question. And I would contemplate all kinds of what seemed to me clever ways
of hiding them and usually ended up just rolling them up into a little ball
and putting them in the pocket of my raincoat where my hand was on them,
hoping that if I was searched they would search my belongings rather than my
person, which is what usually what happened.

And on at least one or two occasions when my bags were searched leaving a
country, I noticed that they went to all those clever places I had thought of
like the hollow end of a dental floss container, and so forth. That were the
first places that they looked, so obviously, my instincts were not
particularly original and I was better off taking them out the way I did.

GROSS: So did you sometimes have to hold it in your hand while your baggage
or your clothes were searched?

Ms. LABER: Well, I had that sort of reassuring touch, you know. My hand was
in my pocket, there was a bunch of papers--it was a deep pocket--within reach.
I don't know what I would have done if they had said, `Hold it. Take out your
hands' and gone into my pockets. I don't know if I would have taken them out
with me and thrown them somewhere or just given up to the inevitable. There
was nothing in my notes that would have really gotten anyone into trouble. I
was very careful not to use their names next to their statements. So it was
mainly that I would lose valuable information, which I could then take home
with me, publicize, write about and call attention to the people I was meeting

GROSS: Several of the dissidents who you worked with later became very
important in the post-Communist government. In some cases, they even became
head of state, like Vaclav Havel. You knew him first as a dissident, then he
became the head of the Czech Republic. How did you know Havel? What kind of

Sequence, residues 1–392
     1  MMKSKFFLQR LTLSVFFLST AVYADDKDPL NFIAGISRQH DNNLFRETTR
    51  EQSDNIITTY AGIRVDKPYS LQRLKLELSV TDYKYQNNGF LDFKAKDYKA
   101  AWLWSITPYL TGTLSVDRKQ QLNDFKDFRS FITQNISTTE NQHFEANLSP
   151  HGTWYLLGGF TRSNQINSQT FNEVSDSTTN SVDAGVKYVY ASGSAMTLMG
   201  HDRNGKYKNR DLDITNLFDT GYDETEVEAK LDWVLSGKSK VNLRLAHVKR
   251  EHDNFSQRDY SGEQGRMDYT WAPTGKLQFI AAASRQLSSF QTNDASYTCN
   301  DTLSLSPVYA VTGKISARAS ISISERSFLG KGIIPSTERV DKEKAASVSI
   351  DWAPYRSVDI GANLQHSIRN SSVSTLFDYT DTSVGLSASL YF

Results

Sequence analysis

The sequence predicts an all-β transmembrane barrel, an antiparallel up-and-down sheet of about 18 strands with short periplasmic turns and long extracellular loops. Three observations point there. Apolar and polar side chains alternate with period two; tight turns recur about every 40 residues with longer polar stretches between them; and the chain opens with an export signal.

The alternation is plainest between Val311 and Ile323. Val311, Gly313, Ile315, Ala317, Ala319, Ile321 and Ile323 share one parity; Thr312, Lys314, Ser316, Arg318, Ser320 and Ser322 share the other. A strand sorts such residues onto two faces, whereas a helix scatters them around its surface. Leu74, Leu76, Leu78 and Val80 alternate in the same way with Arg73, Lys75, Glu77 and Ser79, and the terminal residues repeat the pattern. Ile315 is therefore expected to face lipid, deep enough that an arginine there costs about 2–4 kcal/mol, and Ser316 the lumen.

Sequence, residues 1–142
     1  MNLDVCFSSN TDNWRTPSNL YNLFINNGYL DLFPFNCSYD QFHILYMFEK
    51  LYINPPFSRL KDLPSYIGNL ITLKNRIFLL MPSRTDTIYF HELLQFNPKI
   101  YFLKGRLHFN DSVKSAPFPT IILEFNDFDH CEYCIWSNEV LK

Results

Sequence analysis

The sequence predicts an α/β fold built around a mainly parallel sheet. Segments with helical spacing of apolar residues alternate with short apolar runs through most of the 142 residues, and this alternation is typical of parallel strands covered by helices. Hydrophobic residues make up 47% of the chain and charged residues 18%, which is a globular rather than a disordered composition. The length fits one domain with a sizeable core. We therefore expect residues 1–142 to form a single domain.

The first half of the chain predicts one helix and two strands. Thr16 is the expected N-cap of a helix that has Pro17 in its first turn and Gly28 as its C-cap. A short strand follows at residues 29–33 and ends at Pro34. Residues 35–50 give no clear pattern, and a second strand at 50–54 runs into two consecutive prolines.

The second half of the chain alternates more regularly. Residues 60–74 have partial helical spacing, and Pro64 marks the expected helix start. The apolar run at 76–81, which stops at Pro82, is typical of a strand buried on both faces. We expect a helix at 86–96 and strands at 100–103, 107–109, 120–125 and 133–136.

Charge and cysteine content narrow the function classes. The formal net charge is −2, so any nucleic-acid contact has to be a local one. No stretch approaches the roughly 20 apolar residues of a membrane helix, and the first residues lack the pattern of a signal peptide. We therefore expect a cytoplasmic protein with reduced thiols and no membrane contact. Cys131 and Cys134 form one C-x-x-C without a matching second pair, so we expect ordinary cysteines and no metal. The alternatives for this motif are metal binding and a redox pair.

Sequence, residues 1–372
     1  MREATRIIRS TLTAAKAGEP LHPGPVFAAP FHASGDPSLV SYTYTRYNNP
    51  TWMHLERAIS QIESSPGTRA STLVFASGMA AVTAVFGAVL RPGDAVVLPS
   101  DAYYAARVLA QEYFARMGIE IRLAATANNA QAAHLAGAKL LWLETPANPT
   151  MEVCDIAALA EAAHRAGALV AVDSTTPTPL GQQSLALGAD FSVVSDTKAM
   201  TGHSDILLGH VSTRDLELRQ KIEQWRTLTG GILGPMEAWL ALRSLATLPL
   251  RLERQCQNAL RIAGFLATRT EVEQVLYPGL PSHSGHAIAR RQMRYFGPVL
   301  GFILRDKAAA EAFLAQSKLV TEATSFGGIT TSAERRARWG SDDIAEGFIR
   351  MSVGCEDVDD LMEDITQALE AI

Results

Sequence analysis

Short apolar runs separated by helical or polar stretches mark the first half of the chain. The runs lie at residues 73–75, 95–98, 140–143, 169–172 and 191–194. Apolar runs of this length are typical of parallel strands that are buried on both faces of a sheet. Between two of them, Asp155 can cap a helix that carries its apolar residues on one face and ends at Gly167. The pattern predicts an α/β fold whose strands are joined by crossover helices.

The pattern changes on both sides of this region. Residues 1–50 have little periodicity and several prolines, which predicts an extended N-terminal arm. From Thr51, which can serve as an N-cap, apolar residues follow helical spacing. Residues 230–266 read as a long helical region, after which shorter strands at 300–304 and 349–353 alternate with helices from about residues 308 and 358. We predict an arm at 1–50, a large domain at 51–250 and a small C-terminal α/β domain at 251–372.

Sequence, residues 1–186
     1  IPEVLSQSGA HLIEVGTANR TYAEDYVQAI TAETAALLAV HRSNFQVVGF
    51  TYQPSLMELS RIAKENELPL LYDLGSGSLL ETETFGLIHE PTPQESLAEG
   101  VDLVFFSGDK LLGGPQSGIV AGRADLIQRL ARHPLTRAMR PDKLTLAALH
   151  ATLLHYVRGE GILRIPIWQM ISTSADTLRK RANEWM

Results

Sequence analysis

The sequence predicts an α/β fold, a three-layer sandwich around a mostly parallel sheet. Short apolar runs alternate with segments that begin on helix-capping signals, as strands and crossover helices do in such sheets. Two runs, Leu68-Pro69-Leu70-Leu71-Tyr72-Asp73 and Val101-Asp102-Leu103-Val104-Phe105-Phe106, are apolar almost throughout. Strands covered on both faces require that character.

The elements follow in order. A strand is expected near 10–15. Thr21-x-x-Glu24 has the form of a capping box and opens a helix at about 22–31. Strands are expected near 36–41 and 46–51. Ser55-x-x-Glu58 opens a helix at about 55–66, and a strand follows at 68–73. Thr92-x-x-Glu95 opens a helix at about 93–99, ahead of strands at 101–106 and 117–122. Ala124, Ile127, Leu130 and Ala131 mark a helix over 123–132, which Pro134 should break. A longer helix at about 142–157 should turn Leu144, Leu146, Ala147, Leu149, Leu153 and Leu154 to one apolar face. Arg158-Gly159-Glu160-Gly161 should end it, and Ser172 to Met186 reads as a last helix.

work did you do together?

Ms. LABER: I think one of the most memorable events we had was getting
arrested together in October of 1989, just three weeks before the Velvet
Revolution began in Czechoslovakia. I was hauled into a police station
together with a bunch of other members of the Czech Helsinki Committee. None
of us were held too long. After we were released, Havel and I had a long talk
about what would happen in Czechoslovakia, how far off the revolution really
was. None of us knew it was three weeks away. None of us knew that Havel
would be leading it. It was a very special time in history.

And the thing that was special in my recollection was that the reason I got
arrested was because I tried to photograph the police arresting my Czech
friends. And when I took out my camera, they tried to pull it away and ended
up arresting me. And afterwards that evening, some of my Czech friends said
to me, `Now you know. Now you understand how one becomes a dissident in
Czechoslovakia.' Because these people didn't abstractly decide, `I'm going to
be a dissident.' They stood up for a friend who was being arrested. And in
that short moment, I experienced what it was like to try to stand up for
somebody who was a friend and who was being arrested.

GROSS: This wasn't the life you'd planned on. It wasn't until you were in